It is no surprise that Humboldt County has a lack of affordable housing. For years, county government has identified the need for more housing of all types but the private sector hasn't built enough and many of the new builds are simply too expensive for the majority of Humboldt residents to afford. Consequently, the 2019 draft Housing Element update is calling for some dramatic changes, from the creation of a tiny home village to a county development department. Planning and Building Department Director John Ford said the county needs to start thinking about solutions for housing needs in a new way because, "unless something changes, we are not going to be able to build affordable housing in Humboldt County."
"The old notion of, 'Zone it and build it and they will come,' is not working and there are a lot of hurdles for the county to overcome," Ford told the Journal.
One of the ways Ford hopes to solve the housing crisis is by establishing a county-run development department that would build or acquire low-rent housing. In order for the county to be able to build low-rent housing, voters would have to approve a ballot measure due to Article 34 of the California Constitution, which prohibits counties from developing, constructing or acquiring low-rent housing without voter approval.
"What we would be doing is going to the county (voters) and asking if they want us to undertake a housing project that the county can put up and develop," Ford said. "Some of it is just being able to build homes at a price point where people can afford."
The 2019 Housing Element, which came before the Humboldt County Planning Commission on May 16, is a roadmap that lays out the path the county needs to take in order to address housing needs of the residents in unincorporated areas for the next eight years. It is currently in the draft stage and staff expects to present a final draft to the planning commission June 6.
The draft element outlines seven main goals, including promoting regulatory practices and incentives to increase production of affordable housing; providing workforce housing that is close to local businesses; promoting affordable housing opportunities for the disabled, homeless and single parents; and providing opportunities for the creation of more emergency shelters, day centers and supportive and transitional housing.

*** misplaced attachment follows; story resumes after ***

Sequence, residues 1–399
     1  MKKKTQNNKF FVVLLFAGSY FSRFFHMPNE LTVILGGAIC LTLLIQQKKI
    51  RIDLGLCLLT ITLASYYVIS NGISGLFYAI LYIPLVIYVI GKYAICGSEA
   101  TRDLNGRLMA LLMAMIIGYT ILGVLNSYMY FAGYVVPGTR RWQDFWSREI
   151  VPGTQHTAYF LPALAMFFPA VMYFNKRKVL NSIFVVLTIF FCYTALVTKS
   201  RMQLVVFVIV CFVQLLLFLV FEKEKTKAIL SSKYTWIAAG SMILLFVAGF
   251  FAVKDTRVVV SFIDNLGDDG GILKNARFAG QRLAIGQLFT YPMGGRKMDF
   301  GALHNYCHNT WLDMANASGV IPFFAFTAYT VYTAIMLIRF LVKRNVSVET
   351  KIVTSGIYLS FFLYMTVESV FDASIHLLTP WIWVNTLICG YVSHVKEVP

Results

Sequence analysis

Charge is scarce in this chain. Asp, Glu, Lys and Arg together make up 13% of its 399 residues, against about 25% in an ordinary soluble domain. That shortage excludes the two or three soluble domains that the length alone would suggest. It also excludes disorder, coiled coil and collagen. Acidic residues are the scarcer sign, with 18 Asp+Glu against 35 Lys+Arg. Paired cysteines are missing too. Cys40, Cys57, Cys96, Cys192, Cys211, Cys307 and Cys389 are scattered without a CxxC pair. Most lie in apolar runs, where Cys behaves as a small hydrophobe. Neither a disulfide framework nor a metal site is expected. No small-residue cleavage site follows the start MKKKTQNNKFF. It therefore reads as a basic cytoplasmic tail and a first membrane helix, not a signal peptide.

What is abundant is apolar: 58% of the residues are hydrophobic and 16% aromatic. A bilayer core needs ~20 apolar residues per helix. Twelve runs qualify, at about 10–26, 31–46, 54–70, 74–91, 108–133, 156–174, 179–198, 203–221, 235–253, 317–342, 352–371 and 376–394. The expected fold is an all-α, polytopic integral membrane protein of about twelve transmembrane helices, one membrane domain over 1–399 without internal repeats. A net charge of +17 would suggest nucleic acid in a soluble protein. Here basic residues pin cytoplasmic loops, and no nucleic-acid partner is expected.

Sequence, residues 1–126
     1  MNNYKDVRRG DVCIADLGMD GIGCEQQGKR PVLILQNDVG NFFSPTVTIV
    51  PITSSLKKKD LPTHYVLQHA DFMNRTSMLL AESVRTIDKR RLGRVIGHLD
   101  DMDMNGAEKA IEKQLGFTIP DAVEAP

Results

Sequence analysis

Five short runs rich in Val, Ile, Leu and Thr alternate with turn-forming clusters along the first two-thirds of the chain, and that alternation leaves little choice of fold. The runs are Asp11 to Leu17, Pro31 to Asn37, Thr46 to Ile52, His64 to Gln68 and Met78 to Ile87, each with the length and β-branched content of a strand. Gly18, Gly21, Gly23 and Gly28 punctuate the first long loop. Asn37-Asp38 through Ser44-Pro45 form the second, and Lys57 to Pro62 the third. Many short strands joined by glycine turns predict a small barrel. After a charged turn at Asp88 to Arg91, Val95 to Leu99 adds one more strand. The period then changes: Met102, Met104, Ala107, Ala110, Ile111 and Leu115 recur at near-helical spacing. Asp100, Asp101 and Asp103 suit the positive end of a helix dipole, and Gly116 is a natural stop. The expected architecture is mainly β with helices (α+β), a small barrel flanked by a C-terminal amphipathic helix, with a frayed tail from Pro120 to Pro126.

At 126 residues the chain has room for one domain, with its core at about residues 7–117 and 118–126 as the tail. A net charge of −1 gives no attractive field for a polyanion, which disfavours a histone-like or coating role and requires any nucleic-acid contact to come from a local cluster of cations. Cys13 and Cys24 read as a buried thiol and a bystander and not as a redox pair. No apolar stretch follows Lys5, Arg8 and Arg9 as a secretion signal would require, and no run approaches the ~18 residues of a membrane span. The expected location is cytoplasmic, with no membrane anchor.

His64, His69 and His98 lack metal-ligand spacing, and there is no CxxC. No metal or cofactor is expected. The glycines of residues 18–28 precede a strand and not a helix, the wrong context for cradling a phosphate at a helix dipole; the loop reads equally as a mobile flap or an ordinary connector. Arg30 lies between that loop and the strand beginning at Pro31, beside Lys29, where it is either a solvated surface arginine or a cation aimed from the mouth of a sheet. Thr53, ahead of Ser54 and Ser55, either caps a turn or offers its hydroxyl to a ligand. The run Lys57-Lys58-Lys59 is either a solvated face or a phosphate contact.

In the draft, the cost of building is identified as the biggest barrier to solving the county's housing needs, but the draft notes other factors, as well, including environment constraints, a "lack of knowledge about the permitting process" and "a lack of access to expertise." But the draft element makes plain that Humboldt County's historic approach has not addressed what it now refers to as a "crisis."
The median home price in Humboldt County is $310,000, which most residents can't afford, as the median household income in Humboldt County is $43,718, according to the U.S. Census.
"About 70 percent of Humboldt households cannot afford the median priced home," Michelle Nielsen, senior planner with the planning and building department, said during the May 2 planning commission meeting, adding that the minimum household income needed to afford a $310,000 home is $67,210, or 35 percent more than the county's median household income. "What you will see is large numbers of people overpaying for their housing. So, then, they have less money available for other matters like childcare and those sorts of things."